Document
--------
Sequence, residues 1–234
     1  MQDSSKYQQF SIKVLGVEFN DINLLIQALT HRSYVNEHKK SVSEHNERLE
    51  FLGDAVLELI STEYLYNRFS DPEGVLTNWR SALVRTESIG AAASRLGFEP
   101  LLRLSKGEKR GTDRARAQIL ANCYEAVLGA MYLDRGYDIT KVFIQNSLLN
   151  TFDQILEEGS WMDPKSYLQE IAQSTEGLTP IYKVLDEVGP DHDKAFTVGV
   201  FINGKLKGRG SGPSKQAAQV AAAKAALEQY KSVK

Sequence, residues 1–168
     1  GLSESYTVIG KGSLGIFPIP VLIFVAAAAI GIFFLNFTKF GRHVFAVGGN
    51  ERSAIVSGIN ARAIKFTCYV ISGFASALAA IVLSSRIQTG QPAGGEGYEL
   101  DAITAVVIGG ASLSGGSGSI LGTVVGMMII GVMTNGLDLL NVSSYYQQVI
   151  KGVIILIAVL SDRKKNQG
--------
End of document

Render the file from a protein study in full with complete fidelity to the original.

Sequence, residues 1–234
     1  MQDSSKYQQF SIKVLGVEFN DINLLIQALT HRSYVNEHKK SVSEHNERLE
    51  FLGDAVLELI STEYLYNRFS DPEGVLTNWR SALVRTESIG AAASRLGFEP
   101  LLRLSKGEKR GTDRARAQIL ANCYEAVLGA MYLDRGYDIT KVFIQNSLLN
   151  TFDQILEEGS WMDPKSYLQE IAQSTEGLTP IYKVLDEVGP DHDKAFTVGV
   201  FINGKLKGRG SGPSKQAAQV AAAKAALEQY KSVK

Sequence, residues 1–168
     1  GLSESYTVIG KGSLGIFPIP VLIFVAAAAI GIFFLNFTKF GRHVFAVGGN
    51  ERSAIVSGIN ARAIKFTCYV ISGFASALAA IVLSSRIQTG QPAGGEGYEL
   101  DAITAVVIGG ASLSGGSGSI LGTVVGMMII GVMTNGLDLL NVSSYYQQVI
   151  KGVIILIAVL SDRKKNQG